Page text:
Laboratory of Human Movement Analysis, University Medical Center and Center for Human Movement Sciences, University of Groningen, Groningen, The Netherlands At Hof studied Electrical Engineering at the University of Twente, Enschede, The Netherlands, arriving at the MS degree in 1972 and the PhD in 1980 on “EMG to force processing”. He was affiliated with the University of Groningen since 1973, in the departments of Medical Physics (1973-1994), Medical Physiology (1994-2001) and Center of Human Movement Science (Associate professor, from 2001). Next to this he holds an appointment at the University Hospital Groningen as Technical Director of the Laboratory of Human Movement Analysis, Department of Rehabilitation. His research interests include biomechanics, electromyography, in vivo determination of human contractile and elastic muscle properties, and human locomotion, especially balance during locomotion.
Abstract of this year's Bauman lecture:
As humans we do many of our activities in upright stance. Balance control, to remain upright while we are moving, is a precarious task because our centre of mass (CoM) is to remain above our feet, the centre of pressure (CoP), an unstable situation. Many ‘strategies’ are already known that effect this balance control in various circumstances. These strategies can conveniently be categorized into three basic mechanisms1. Mechanism 1: moving the CoP. When sufficient space is available, the major mechanism is to move the CoP. When the CoP is moved in some direction, the CoM ‘falls’ in the opposite direction. This can be done by muscle contractions of muscles acting on the foot, the ankle strategy. In this way the CoP can be moved over the foot sole: forward by soleus and gastrocnemius, medially by the peronei and laterally by the tibialis muscles. If the CoP has to move a greater distance than compatible with the dimensions of the foot, we have to make a step, the stepping strategy. A third strategy is the weight shifting strategy of two legged stance, in which the load division of left and right leg is changed by action of the hip abductors. The strategies of mechanism1 can be described by the ‘inverted pendulum’ model2. Mechanism 2: rotation around the CoM. When body segments are given a rotational acceleration around the CoM, the body as a whole gets an acceleration in the other direction1. Bauma nn Lecture : Bala nce duri ng wal king: how to hol d your hea d up Examples are the arm swing - and the hip strategy. These strategies are especially useful when the base of support is small, e.g. in one-legged stance, or when a very fast action is needed. Mechanism 3: external support. Often overlooked, but very practical, is the mechanism of external support, to make a grab at or to hold on to a hand rail, to use a cane or a rollator. To study the balance strategies used in walking, we applied pushes of known magnitude and timing to the waist of subjects who walked on a treadmill, which was equipped with force transducers to record the CoP3. When sideward pushes are given, the response is firstly a stepping strategy: in the next step the foot is placed more sideward in the direction of the push. In this way the CoM falls in the direction opposite to the push, and the perturbation is corrected. When the push is given outward, e.g. a leftward push during left stance, a crossing-over step may be required. Step time is only affected (shortened) at large perturbations. It can be shown that, in addition to the stepping strategy, also the ankle strategy is used. This strategy is restricted in magnitude, but is more precise and can be applied earlier. Muscle actions related to both strategies can be found from the EMGs. As a reaction to a backward perturbation, one would theoretically expect a shorter steplength4. This is indeed found, but it is always accompanied with a longer step duration. This is even more the case with a forward perturbation. Step time is always shortened, while steplength is sometimes lengthened, sometimes shortened, depending on the timing of the push. In patients the biomechanical abilities for balance often set bounds to the ability for walking. Examples are amputees, who cannot use the ankle strategy and who have a reduced precision of foot placement at the prosthetic side5, and CP patients, with their reduced precision of movement and, in case of equinus gait, reduced base of support.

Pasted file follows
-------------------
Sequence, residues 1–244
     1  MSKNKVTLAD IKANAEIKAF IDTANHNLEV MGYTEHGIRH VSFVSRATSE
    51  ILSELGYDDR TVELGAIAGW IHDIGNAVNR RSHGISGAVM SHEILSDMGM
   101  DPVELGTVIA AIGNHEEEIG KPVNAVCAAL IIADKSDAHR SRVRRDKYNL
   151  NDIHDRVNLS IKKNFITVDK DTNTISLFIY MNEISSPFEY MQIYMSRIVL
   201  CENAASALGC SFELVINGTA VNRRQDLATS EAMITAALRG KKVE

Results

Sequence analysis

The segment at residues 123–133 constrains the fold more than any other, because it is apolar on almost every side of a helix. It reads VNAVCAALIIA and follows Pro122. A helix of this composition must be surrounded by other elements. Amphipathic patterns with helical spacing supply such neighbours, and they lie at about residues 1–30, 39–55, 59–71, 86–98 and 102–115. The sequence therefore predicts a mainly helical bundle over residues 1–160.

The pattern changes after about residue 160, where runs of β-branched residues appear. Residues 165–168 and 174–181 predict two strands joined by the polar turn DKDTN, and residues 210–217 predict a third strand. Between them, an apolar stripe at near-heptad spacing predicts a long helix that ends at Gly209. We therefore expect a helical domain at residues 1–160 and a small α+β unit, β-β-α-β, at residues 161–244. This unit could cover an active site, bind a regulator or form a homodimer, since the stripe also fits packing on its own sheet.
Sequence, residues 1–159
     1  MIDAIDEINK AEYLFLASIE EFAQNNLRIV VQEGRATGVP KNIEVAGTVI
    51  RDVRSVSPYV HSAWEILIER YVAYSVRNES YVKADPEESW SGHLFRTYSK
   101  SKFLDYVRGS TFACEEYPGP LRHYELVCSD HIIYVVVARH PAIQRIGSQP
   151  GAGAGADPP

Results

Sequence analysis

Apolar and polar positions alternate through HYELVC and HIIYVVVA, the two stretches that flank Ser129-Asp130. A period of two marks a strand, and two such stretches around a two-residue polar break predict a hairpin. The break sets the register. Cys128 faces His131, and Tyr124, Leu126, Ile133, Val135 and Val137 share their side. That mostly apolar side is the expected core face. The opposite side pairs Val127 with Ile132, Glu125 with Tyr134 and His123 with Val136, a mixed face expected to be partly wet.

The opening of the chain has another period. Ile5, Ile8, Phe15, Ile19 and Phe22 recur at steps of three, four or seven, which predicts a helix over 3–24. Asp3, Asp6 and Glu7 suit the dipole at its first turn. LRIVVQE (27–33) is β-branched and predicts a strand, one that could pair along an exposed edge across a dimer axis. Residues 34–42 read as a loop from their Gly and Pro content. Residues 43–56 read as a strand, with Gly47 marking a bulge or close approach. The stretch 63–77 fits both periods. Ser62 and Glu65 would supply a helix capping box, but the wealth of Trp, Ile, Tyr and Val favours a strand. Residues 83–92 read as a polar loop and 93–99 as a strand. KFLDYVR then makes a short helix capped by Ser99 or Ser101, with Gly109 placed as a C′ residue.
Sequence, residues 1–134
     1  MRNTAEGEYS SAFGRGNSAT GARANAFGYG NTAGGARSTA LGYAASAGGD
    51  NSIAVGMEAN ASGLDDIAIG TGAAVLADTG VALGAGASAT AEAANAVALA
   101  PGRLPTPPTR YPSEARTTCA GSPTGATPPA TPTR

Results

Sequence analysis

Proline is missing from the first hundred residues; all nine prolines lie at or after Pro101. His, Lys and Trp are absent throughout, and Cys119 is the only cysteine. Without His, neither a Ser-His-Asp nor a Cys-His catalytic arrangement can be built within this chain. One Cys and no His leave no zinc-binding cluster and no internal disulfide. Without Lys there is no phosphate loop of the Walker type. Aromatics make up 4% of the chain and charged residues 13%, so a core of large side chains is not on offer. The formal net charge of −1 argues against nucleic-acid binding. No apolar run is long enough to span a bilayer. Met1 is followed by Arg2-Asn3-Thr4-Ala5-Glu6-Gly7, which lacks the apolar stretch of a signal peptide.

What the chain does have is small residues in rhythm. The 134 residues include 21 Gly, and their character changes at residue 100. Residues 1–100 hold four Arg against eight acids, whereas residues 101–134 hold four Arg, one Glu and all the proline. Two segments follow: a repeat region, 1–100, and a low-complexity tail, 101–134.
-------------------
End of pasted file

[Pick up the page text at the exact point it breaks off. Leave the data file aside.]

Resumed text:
1. Hof AL. The equations of motion for a standing human reveal three mechanisms for balance. Journal of Biomechanics 2007; 40:451-457.
2. Winter DA. Human balance and posture control during standing and walking. Gait and Posture 1995;
3:193-214. 3. Hof AL, Vermerris SM, Gjaltema WA. Balance responses to lateral perturbations in treadmill walking. In: Chiari, L. and Nardone, A. (Eds): Proceedings of the XIX conference of the International Society for Posture and Gait Research. Bologna: University of Bologna, 2009 pp. 348-349.
4. Hof AL. The `extrapolated center of mass’ concept suggests a simple control of balance in walking. Human Movement Science 21-1-2008; 27:112-125.5.
5. Hof AL, van Bockel R, Schoppen T, Postema K. Control of lateral balance in walking: Experimental findings in normal subjects and above-knee amputees. Gait & Posture 2007; 25:250-258.